Who doesn’t love a shortcut on the road to success?
And if there’s anything we know for sure about successful people it’s that they hang out with, learn from, and emulate other successful people.
It’s the reason smart folks will pay tens of thousands of dollars for coaching or to belong to a mastermind group that gives them the inside scoop on what the heavy hitters in their field are doing.
The trouble is, just because a marketing wizard like Seth Godin eats avocado and blue-cheese sandwiches every day for lunch (he doesn’t, as far as I know), don’t assume that’s the reason he’s successful.
But drawing erroneous conclusions in business is a long-standing tradition.
So here are 5 big marketing “Do as I say, not as I do” tips we’ve been sold over the years that you DON’T want to model… because they just don’t stand up under the scrutiny of a silly-little thing called ‘results.’
#1: Any Marketing at All is Better than Nothing!
Now here’s a big surprise.
What the gurus TELL you to do isn’t necessarily what THEY do.
It’s like the rest of life where hidden truths knock down the high and mighty like bowling pins.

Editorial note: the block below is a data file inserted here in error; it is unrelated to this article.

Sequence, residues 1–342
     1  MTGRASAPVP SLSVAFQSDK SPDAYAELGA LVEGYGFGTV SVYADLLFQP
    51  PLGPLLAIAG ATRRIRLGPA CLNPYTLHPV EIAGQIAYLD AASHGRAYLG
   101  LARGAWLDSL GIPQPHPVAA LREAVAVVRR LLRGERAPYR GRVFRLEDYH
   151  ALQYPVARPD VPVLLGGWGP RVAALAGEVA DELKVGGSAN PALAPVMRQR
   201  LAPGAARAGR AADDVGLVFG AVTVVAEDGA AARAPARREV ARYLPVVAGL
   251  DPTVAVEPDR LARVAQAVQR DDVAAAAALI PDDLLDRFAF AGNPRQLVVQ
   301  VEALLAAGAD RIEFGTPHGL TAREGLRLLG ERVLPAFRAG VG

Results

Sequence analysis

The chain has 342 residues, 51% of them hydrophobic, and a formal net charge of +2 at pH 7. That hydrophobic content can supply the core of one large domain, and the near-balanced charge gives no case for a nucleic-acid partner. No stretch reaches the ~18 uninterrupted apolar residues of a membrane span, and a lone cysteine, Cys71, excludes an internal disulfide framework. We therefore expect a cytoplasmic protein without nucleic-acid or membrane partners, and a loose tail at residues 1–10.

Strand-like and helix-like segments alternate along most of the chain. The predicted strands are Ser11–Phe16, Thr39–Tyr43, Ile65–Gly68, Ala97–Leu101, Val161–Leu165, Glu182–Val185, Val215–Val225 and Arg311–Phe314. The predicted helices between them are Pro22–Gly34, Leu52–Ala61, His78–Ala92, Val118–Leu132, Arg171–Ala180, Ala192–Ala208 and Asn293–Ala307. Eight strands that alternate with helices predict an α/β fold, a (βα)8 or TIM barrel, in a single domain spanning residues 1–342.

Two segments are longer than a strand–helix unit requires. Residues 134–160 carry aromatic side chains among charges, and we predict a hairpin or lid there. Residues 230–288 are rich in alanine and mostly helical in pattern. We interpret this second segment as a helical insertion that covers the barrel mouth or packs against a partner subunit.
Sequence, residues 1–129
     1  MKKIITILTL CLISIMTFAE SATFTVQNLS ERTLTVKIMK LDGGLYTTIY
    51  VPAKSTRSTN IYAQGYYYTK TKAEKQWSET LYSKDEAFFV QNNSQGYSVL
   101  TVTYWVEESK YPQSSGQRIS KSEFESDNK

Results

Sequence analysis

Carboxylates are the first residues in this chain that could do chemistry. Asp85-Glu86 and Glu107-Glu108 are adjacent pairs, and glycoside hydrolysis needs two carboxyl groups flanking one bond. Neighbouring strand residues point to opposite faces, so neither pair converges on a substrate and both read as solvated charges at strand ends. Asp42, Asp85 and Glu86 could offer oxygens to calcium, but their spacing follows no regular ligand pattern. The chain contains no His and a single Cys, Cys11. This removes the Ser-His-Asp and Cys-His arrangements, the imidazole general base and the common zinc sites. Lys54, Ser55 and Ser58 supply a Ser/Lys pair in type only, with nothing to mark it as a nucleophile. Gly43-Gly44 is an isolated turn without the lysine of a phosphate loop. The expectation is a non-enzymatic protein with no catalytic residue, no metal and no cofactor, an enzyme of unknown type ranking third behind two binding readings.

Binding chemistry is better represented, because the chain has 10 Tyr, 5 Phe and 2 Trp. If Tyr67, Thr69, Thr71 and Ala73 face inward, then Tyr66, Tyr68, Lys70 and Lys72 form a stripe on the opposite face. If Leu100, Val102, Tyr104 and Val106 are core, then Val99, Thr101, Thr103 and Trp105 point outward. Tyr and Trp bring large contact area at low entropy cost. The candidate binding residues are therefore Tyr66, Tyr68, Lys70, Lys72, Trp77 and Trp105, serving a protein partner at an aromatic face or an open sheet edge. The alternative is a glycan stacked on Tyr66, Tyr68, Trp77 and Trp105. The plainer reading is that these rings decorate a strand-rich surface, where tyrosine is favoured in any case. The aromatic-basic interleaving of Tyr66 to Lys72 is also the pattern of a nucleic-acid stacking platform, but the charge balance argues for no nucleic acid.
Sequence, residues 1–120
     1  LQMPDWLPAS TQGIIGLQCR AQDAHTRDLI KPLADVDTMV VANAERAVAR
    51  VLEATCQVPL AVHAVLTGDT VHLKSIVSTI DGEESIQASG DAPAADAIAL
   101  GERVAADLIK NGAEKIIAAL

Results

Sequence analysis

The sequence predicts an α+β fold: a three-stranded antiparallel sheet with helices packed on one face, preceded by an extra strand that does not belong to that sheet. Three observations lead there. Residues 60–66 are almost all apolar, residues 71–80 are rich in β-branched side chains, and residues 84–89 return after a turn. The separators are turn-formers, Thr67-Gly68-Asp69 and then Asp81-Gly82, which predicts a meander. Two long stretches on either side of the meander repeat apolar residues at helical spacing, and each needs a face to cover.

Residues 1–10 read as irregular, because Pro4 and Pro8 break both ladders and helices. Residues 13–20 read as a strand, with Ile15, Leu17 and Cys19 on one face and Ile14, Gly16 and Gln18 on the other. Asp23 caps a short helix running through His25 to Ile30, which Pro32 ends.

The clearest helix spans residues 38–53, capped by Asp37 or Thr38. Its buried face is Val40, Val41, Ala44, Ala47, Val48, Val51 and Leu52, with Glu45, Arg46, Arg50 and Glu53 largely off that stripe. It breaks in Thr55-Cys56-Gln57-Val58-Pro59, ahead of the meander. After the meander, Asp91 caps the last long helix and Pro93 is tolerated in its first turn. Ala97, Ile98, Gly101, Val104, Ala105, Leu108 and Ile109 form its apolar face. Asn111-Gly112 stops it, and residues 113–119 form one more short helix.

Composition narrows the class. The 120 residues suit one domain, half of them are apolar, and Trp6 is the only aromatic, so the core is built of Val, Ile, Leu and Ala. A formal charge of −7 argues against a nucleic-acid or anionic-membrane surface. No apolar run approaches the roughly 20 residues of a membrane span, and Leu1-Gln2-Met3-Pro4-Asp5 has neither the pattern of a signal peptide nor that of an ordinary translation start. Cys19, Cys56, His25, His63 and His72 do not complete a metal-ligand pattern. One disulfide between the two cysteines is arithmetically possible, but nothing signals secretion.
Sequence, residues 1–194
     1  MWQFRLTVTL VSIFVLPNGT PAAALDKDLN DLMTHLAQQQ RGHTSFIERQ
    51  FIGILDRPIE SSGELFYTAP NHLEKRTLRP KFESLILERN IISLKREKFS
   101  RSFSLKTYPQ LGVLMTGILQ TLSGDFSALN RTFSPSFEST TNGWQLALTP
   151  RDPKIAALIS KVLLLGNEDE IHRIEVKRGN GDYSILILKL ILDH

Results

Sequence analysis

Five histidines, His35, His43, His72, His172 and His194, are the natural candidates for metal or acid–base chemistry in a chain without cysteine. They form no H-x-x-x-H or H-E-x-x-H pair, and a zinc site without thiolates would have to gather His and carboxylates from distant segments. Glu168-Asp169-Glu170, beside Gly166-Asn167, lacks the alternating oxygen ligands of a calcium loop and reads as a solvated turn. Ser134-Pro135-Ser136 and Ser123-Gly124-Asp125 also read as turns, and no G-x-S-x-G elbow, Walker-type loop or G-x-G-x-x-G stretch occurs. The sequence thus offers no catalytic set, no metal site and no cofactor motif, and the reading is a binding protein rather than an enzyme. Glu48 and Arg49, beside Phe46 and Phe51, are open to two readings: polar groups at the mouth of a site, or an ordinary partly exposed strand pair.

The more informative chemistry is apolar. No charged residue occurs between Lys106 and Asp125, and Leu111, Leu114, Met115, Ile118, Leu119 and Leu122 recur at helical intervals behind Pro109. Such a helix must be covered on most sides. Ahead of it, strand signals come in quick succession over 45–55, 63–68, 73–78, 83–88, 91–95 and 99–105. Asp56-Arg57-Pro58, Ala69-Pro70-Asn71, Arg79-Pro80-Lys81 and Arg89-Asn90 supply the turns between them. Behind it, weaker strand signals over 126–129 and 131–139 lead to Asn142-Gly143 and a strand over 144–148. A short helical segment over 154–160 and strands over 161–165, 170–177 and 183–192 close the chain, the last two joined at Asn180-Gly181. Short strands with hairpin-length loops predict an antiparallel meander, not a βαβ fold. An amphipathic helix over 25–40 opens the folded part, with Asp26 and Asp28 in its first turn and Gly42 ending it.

And being an insider, I get to hear the real story from many famous entrepreneurs you’d think are fabulously successful… yet they’re struggling worse than their most in-debt customers.
Sad, but true (can’t mention any names).
So my advice?
WATCH to see how you’re marketed TO.
In other words, don’t blindly follow self-serving advice that basically just sells someone’s courses.
On the contrary, in my early years of marketing when I was getting Dan Kennedy’s newsletter, Dan DID exactly what he told ME to do in his monthly masterpieces.
He was selling ALL the time, in obvious and subtle ways… and still showing me how he was doing it… AS he was doing it!
I trust a guy who’s walking his walk.
One other thing.
Bad marketing costs your business in more ways than you realize:
1) The reputation and ‘face’ of your business is initially established through the way you choose to market yourself. It’s your first impression and hopefully your best foot forward. Half-assed marketing costs you time and customers. It’s that simple.
2) This one’s obvious but always bears repeating. When done poorly, marketing eats your budget like a honey badger munching a snake. If you don’t get it right, you might as well throw another stack of 100-dollar bills on the fire to heat your office while you’re at it. When it’s done well, marketing costs you nothing.
3) With bad marketing, the cost isn’t just wasted money. It’s also turning customers OFF… inoculating them AGAINST YOU because they’re getting messages they don’t like or want.